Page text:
Also known as mid-term elections.

I’m just now getting over the anguish from last week’s elections. I think I’m taking a healthy approach to all of it though; surely everyone who voted the other way is wrong.

I overheard a heated discussion about one of the amendments that was voted on last week. I did not get involved in the conversation – they were already having enough fun without me. Anyway, I thought I would take the cowardly step of venting my feelings to no one in particular (the vast, silent void that is my audience). Hhhhhhhh…haaaaaa. They were talking about the “no indoor smoking” amendment that just passed. One person mentioned that they could not go into a restaurant without getting exposed to smoke, and took the position that the amendment was a good thing. The other person stated that “it’s your choice to expose yourself to the smoke or leave; to vote with your patronage.” Can you guess their position? The first person came back with the assertion that there were few restaurants that did not allow smoking, and that the only real choice would be to not eat out at all. The second person stated that the issue was personal liberties, disappearing personal liberties. They claimed that if you draw a line that excludes one personal liberty it is a slippery slope to drawing more lines, eliminating more personal liberties. This is where I step in and cowardly submit to all of you that this was a pile of steaming horse crap. Since when did we not draw lines that excluded “personal liberties.” We have a long history of drawing such lines, particularly when “personal liberties” cause others harm. The facts are these: cigarette smoke causes people harm, the harm is not limited to the smokers themselves, and the harm is not limited to abstract, far down the line problems. It can cause immediate breathing problems. It can cause immediate side effects such as eye irritation, nasal congestion and headache. We are not free to wear weapons grade plutonium as jewelry because it can do others harm. We are not free to walk up to someone smoking and punch them in the nose to vent our frustration because it may do them harm. I am not worried that these “personal liberties” have been taken away from me because I don’t think I should have them in the first place. I must say don’t think the smokers are being mean. I do think they tend to dismiss my complaints as being “just in your head.” Smokers just don’t feel my pain. I can understand this because I’ve walked in those shoes. I used to think the same thing about my wife, while we were still dating. That ended one day when her breathing became audible only to dogs and we went for a visit with our friends in the ER.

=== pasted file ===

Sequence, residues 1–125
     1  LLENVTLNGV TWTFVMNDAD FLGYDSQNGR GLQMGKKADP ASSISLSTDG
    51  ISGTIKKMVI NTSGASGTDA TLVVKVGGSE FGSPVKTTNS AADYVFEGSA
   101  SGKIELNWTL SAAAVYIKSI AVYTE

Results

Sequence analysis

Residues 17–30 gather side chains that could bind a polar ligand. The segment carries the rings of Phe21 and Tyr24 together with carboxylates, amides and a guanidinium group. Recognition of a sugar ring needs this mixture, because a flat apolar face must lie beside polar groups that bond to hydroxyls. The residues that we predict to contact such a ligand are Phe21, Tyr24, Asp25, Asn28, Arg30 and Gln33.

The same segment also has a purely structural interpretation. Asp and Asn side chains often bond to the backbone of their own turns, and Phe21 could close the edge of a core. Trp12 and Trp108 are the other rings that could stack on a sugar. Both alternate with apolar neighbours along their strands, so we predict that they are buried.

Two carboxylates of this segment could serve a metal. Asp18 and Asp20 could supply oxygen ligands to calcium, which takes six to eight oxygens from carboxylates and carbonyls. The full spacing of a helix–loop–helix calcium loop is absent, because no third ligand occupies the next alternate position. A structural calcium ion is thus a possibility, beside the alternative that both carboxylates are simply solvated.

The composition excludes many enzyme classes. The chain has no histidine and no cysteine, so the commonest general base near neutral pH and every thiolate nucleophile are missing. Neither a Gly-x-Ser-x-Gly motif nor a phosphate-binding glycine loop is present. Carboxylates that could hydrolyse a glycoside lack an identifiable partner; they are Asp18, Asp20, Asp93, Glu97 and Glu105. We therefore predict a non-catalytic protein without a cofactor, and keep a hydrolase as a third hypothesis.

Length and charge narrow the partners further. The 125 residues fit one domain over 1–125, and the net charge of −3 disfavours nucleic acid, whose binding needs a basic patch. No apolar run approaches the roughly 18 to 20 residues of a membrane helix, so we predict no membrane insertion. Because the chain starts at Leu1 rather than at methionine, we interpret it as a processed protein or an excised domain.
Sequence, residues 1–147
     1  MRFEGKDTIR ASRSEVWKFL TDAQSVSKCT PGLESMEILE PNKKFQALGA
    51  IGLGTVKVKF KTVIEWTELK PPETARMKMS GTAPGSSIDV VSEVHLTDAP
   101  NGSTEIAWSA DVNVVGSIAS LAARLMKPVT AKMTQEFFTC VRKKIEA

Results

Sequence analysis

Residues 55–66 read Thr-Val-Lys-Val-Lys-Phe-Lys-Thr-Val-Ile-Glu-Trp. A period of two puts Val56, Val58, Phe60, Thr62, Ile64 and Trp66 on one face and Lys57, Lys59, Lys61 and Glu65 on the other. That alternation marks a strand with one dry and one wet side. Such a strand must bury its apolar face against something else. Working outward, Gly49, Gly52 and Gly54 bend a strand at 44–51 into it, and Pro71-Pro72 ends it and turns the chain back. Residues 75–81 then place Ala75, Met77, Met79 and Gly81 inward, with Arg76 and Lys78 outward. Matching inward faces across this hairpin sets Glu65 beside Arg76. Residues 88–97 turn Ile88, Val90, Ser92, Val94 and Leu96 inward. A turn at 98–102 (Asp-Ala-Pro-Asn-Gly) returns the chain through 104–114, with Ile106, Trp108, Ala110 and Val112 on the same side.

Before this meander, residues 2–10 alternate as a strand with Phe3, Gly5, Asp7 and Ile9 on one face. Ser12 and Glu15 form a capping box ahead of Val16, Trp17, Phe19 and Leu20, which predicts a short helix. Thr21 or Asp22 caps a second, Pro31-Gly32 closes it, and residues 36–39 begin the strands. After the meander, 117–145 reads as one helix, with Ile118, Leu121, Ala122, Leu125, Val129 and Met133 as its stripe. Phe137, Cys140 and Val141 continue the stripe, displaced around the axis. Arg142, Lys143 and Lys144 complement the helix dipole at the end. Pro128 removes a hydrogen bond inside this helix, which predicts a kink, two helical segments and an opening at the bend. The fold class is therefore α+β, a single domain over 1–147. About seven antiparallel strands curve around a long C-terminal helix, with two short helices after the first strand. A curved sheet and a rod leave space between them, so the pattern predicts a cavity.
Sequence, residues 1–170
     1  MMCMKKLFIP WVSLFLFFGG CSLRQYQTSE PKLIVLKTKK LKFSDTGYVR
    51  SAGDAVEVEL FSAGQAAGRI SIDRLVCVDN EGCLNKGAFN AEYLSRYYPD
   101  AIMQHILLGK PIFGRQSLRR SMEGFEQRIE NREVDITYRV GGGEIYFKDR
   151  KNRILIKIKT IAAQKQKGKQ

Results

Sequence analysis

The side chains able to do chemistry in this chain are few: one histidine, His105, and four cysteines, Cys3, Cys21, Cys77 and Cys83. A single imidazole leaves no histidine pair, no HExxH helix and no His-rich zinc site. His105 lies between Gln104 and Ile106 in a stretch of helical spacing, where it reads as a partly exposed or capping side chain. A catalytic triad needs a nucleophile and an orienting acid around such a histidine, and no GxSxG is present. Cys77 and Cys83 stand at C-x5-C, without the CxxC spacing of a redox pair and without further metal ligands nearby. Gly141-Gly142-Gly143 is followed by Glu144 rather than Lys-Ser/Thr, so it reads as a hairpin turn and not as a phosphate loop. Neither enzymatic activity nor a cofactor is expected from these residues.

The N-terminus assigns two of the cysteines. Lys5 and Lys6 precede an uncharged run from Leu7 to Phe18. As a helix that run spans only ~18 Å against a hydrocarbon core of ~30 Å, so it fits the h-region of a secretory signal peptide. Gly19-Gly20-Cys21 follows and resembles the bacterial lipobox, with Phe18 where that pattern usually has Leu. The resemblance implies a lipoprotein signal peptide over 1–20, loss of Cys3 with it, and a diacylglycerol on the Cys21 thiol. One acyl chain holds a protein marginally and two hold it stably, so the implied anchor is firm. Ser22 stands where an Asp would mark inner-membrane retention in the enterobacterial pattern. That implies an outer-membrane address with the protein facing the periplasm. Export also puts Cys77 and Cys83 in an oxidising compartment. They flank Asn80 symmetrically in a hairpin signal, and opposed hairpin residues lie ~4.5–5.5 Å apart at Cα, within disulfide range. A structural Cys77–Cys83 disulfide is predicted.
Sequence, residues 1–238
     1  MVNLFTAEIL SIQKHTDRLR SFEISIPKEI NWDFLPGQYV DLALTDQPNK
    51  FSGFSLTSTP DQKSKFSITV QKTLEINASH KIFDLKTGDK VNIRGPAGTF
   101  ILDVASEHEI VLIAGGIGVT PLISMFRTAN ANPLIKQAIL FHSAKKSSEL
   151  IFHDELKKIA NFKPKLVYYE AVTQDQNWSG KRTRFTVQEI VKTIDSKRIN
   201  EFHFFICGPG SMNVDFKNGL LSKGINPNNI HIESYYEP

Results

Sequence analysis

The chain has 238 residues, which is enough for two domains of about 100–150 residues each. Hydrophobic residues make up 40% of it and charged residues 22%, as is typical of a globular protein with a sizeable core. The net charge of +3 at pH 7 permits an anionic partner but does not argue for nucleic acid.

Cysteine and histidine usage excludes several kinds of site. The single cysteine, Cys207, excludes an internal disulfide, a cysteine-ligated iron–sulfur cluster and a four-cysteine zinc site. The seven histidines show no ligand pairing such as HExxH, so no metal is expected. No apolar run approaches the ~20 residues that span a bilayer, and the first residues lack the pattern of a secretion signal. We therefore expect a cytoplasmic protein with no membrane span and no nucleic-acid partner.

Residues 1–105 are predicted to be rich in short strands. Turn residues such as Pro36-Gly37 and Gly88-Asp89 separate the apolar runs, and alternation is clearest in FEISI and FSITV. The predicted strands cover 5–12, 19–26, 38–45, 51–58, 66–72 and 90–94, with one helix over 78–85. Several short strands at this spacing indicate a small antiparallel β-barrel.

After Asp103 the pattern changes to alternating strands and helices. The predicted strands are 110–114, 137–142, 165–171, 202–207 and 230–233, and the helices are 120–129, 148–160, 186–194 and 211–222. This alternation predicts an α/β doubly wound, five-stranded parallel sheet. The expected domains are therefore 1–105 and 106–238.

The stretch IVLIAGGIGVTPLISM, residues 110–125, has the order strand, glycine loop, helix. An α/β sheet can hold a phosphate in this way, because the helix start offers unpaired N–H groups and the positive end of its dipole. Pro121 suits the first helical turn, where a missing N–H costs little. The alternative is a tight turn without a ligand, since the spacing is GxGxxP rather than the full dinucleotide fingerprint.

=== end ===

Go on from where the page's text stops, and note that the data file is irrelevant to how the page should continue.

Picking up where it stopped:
So go ahead and tell me my raging headache is just in my head. Tell it to my wife who had to walk outside to take a puff on her inhaler. Tell it to the scores of others who have every right pursue life, liberty and happiness, so long as it does not involve going out for a nice dinner. No, I don’t think they should stop cooking in peanut oil because some people have food allergies. We can still go out to eat if we order something that doesn’t have the peanut oil. No, I do not think perfume should be banned. We can refrain from wearing it ourselves, and we can usually avoid it pretty well. It’s rare that I notice someone’s perfume from across the room. cigarette smoke is another matter. The particulates in the smoke carry in breeze like nuclear fallout. We can’t seem to avoid it, unless we don’t go out at all. Is that fair to us? Why can’t smokers step outside for their nicotine fix? Why don’t they stay home if they don’t like it? Better yet, why not quit? Didn’t anyone tell them that smoking isn’t good for you?

Thankfully, the issue appears moot.

Here endeth the rant.